What are the differences between the second and third trimesters of pregnancy?

(January 18, 2010)

The Second and Third trimesters of pregnancy are the stages when the fetus grows the most during a pregnancy.

Second Trimester

The time between week 13 and week 25 is termed as the Second Trimester. It is during this period that the rib cage starts to develop along with other skeletal bones, red blood cells begin to form and also urine is formed. The nerves, muscles and vital organs are functioning. Fetal activity increases and the mother can feel the movements also known as ‘quickening’ around the 20th and 21st week. An ultrasound scan can show the gender of the fetus and the swallowing and sucking motions made by the baby’s mouth or throat may also be visible. The fetus grows almost three times its length during these 13 weeks. The ears have developed and the fetus starts to react to noises. Fat stores start forming under the skin to provide energy and make sure that the baby is warm after birth. The fingerprints and footprints too begin to form around the end of this trimester. The fingernails also start growing and sometimes they may need to be trimmed immediately after birth. Morning sickness begins to reduce and eventually fades away and most women start gaining weight and feel energized.  

Third Trimester

The Third Trimester begins at week 26 until the birth. The fetus gains approximately 28 grams every day making it the period of the most rapid growth. The lungs start developing at this stage making sure that the baby is strong enough to breathe on its own after birth. The sensory organs have developed, the eyes open and can detect light. The fetus can also hear and remember voices and music heard during this time even after birth. The belly of the woman transforms in shape as the fetus prepares for birth and drops downwards. The womans navel will change shape and ‘pop’ out, becoming convex due to the growing abdomen. The fetus movements are more frequent and stronger due to better brain, muscle and eye functions. This is the period of increasing discomfort with symptoms including backaches and a weak bladder. The ‘rolling’ of the fetus can cause discomfort and pain when it is near the ribs or spine. A woman may also have trouble breathing due to the expanding uterus putting pressure on the diaphragm. If the baby is born pre-term or prematurely during this period, the chances of survival are very high due to available modern medical facilities.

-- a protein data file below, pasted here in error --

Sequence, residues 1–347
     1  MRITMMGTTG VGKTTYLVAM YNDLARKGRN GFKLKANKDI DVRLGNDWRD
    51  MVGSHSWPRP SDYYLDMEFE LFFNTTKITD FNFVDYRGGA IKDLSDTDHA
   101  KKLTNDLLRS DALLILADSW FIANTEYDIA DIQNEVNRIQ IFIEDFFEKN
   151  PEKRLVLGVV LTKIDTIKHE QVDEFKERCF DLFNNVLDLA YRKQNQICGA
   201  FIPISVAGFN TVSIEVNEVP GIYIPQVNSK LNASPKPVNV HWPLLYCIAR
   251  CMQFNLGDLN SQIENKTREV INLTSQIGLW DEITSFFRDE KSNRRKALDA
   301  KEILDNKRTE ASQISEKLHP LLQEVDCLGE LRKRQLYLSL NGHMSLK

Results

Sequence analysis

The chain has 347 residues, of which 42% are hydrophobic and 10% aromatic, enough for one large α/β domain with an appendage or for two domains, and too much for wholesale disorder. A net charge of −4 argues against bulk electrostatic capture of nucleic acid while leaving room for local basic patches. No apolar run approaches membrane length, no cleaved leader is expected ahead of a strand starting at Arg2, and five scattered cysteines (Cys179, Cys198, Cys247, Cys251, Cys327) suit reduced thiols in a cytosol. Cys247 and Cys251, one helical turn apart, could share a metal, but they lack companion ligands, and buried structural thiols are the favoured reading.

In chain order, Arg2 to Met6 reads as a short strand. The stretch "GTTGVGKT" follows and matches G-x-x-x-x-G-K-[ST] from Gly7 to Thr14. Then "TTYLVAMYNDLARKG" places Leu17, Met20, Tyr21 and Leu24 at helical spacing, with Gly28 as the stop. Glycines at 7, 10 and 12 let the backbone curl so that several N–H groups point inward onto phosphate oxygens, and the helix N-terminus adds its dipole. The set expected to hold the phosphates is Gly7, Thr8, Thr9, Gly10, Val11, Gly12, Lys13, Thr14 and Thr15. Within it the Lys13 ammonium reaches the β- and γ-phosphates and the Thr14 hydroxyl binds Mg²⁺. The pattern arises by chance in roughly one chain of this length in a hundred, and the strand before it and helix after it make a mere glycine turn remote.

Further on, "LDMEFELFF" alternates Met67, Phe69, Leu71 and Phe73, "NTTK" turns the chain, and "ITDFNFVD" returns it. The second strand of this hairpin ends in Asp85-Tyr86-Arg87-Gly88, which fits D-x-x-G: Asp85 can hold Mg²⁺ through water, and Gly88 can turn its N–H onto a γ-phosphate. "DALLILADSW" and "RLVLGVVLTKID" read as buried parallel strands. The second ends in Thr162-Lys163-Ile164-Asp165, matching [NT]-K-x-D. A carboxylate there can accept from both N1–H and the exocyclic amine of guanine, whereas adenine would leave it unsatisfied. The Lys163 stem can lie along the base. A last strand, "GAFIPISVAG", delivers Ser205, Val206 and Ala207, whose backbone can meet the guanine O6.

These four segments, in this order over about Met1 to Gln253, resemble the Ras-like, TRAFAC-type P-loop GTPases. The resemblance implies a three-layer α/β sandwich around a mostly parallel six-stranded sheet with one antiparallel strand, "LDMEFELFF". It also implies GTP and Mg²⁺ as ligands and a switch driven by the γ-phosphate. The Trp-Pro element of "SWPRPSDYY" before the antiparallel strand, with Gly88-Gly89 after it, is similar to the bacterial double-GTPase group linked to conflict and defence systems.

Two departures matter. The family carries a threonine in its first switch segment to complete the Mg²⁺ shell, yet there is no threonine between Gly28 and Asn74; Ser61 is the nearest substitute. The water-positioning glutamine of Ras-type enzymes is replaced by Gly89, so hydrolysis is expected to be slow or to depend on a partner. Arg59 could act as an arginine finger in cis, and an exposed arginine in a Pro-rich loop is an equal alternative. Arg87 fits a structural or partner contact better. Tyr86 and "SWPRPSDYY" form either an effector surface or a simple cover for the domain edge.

Submitted by P T on January 18, 2010 at 10:56

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